http://www.cdrfaq.org/faq02.html#S2-17

"audio CDs use all 2352 bytes per block for sound samples, while CD-ROMs use only 2048 bytes per block, with most of the rest going to ECC (Error Correcting Code) data."
Again, RTFM.
Did you actually bother to read the entire paragraph from which you quoted a part? I suggest you do...

Rune
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Old 9th September 2004, 01:47 PM   #620
ALW is offline ALW  United Kingdom
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Default What do you call it then?

Quote:
Let's get this straight first of all: CD-ROM is not a data standard but the physical medium you can write to
You're arguing silly semantics here but since we've started CD-ROM or CD-ROM XA is covered by the yellow book.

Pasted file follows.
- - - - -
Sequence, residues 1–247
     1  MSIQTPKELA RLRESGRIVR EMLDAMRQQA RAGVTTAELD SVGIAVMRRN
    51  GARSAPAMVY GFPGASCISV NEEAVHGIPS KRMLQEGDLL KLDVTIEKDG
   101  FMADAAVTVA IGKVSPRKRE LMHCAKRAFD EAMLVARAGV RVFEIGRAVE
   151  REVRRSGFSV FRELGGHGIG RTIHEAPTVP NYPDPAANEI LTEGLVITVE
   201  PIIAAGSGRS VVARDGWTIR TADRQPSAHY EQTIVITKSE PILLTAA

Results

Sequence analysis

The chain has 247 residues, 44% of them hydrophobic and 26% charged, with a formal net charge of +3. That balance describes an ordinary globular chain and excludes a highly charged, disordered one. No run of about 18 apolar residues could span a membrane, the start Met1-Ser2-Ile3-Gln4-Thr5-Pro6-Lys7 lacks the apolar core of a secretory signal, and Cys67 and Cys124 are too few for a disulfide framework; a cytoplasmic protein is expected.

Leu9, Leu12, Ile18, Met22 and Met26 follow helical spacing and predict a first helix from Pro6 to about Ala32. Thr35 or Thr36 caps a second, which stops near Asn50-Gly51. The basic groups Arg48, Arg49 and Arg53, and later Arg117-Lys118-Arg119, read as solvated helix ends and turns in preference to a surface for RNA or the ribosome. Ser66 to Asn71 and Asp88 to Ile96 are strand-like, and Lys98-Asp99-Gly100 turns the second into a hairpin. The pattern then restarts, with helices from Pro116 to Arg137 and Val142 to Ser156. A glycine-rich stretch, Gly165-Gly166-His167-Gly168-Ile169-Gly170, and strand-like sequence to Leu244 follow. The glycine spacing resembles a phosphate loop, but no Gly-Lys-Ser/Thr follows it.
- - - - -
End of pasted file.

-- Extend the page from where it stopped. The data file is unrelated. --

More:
CD or CD-DA is the conventional description for red book discs it also covers CD-G, CD-TEXT, CD-G +MIDI, CD Single, CD Maxi Single, early Karaoke CD, CD Video Single (Extensions to CDDA).

CD-ROM is not the name used for the medium in the red book standard.

Quote:
To recap the CD-DA Red-Book standard descibes the physical properties of the Compact Disc (CD-ROM) and the digital audio encoding.
It covers the physical properties, but does not mention CD-ROM at all in this context.

Anyway, the point was you used your argument to try and repute Kuei's argument about the different formats having different error correction seemingly choosing to mis-interpret his obvious intentions by playing semantics.

Andy.